PR When You’re Not A Startup Anymore

David Martin, Heed Public Relations

When you’re a startup darling, earning media looks very different than it does a few years down the road when, well, you’re not a startup anymore.

So how does a business amend its PR stance when their launch is quickly fading in the rearview mirror? I talked with Bellhops communication director, Kyle Miller, about this and he shared helpful insights.

The “Uber of Moving”

It’s hard to believe — it is for me, anyway — that Bellhops is roughly seven years old now. When I was with the company a few years ago, they’d just secured their Series A fundraise and were in the process of introducing their services to over a hundred cities across the United States.

The PR game at Bellhops then was rooted in a dual-pronged approach: land as much local earned media as possible, and then use those media hits as a foundation to engage national audiences.

But how to explain ourselves quickly to media outlets?

“We’re kind of like the Uber of moving.”

We said that — hold on, let me grab my calculator — approximately 1.7 kazillion times.

And no matter how imperfect that comparison was, it created a reference point for reporters and their audiences, and it helped us gain tons of earned media coast to coast, from local newspapers to some of the biggest outlets in the world.

PR as a marathon

In the spring of 2017, I left Bellhops to help launch another company, and Kyle Miller took over the Bellhops PR reins. Leadership was really excited to bring Kyle on board after my departure — like, almost too excited (side glancing right at ya, Cam Doody) — and under Kyle’s purview the company’s public-facing presence has successfully evolved into a new phase.

No longer the new kids on the block, Bellhops today positions itself in what Kyle calls “a four-sided marketplace.” They have to attract and retain:

  • Bellhops (the actual movers)
  • Professional truck drivers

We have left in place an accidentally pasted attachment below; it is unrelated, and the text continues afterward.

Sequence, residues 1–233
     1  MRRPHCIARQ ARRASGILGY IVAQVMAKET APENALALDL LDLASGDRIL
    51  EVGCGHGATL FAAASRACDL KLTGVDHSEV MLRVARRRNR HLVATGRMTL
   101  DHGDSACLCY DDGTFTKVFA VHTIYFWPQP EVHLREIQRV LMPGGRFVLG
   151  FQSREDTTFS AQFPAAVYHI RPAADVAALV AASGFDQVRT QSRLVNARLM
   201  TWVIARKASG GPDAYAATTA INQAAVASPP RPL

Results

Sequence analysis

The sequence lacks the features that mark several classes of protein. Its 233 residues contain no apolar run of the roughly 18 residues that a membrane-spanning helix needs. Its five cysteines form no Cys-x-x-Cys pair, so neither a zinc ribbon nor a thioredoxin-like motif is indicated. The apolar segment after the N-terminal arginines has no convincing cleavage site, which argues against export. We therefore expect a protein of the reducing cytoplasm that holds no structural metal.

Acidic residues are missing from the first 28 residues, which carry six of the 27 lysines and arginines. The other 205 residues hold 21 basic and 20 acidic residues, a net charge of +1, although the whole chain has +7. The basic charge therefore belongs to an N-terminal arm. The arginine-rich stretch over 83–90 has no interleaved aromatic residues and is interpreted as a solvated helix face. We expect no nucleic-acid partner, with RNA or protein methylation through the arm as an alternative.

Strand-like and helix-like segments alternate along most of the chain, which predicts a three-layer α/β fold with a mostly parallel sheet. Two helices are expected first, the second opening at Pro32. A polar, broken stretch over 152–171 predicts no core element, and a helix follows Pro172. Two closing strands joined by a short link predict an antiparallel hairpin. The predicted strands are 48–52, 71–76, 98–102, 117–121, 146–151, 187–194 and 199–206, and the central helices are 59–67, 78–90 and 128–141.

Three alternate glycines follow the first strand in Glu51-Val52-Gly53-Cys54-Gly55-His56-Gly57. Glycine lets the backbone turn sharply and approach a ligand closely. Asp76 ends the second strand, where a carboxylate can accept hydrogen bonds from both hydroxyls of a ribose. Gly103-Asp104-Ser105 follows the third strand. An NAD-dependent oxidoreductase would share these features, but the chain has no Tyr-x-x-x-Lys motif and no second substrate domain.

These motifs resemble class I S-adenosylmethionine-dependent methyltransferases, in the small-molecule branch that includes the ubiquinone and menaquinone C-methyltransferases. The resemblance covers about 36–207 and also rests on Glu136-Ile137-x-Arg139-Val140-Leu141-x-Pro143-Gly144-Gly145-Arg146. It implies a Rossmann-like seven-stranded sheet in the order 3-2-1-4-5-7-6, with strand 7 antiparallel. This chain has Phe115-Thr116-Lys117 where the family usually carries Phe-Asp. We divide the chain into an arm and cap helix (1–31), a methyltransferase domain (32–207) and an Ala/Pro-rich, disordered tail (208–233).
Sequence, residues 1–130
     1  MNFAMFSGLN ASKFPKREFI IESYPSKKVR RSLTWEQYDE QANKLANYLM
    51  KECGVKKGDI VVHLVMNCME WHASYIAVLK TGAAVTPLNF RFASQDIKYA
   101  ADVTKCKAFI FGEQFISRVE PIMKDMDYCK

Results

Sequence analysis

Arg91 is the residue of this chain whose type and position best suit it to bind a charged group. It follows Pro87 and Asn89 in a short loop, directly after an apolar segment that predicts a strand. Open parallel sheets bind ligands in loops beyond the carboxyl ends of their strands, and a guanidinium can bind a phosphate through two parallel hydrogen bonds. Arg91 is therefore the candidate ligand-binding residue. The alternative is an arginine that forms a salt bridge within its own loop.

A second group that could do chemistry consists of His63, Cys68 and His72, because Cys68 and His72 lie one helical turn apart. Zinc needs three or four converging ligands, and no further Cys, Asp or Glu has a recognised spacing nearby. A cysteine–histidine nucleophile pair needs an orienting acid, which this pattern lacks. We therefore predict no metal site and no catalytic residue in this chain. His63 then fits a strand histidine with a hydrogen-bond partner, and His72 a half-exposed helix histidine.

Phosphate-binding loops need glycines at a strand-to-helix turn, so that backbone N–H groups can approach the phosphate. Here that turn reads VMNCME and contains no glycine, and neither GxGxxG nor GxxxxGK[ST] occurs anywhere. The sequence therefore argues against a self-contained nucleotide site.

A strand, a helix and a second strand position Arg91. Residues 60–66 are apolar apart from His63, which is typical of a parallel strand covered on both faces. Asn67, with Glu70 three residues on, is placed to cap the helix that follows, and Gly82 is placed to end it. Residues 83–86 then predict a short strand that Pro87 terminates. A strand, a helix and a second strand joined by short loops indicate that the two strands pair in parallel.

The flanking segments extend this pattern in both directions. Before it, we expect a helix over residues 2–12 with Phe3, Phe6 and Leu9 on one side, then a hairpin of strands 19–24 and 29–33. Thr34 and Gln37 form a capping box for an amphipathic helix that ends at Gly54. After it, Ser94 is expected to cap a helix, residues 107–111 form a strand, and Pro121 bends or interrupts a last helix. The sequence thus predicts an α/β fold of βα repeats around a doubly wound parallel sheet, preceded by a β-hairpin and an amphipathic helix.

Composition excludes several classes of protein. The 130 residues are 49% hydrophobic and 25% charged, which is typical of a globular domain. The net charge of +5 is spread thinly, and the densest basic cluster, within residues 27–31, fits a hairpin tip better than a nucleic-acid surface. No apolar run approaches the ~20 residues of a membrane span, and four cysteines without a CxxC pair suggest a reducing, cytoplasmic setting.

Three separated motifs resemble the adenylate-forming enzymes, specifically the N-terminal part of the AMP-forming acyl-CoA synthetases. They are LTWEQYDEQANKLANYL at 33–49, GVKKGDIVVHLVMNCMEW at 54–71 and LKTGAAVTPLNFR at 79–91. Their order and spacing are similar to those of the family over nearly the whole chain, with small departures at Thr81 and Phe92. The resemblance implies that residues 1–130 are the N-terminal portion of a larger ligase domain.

• Customers
  • Talent to work at headquarters

Creating messaging that engages each of those marketplaces, and getting the results they want/need, is no easy chore. To win at it, Kyle leans heavily on two PR pillars.

The first is the understanding that “good PR is a marathon.” Seven years after Bellhops’ launch, the organization can no longer look for one-off successes. They now have a better understanding of what strategies work and they’re “focusing on long term initiatives like Cause PR and subject matter expert categories.”

The second pillar is to “be more than a press release” — I’d like to interject here with a quick “amen!”

Kyle uses a mix of:

  • Press releases
  • Direct pitching
  • Written and video content
  • Email marketing
  • Social media
  • Influencer relations

Through these many channels, Bellhops tells stories that are crafted to resonate with the various audiences making up their “four-sided marketplace.”

Staying true to your roots while looking ahead

Yet even if their specific tactics change, Bellhops remains true to its roots — this is clearly visible in their public persona.

Seven years later, the core value of a “playful spirit” is still imprinted on all things Bellhops, and their lead Cause PR initiative is higher education support, as they award $10,000 worth of scholarships annually to their college-aged workforce.

Kyle also works hard to tether the Bellhops brand to Chattanooga’s Gig City narrative. It’s a win-win for both parties because as he puts it, “when Bellhops grows, the Chattanooga story grows and vice versa.”

Bellhops is a fascinating case study in the maturation of a startup’s PR strategy. This, of course, is not to suggest they’ve reached some sort of communications summit, because, in Kyle’s words, “if you want to be a continued success, you have to constantly be asking, how can we do this bigger and better.”

And I have a feeling Bellhops will continue to figure that out.

David Martin is the founder of Heed Public Relations.

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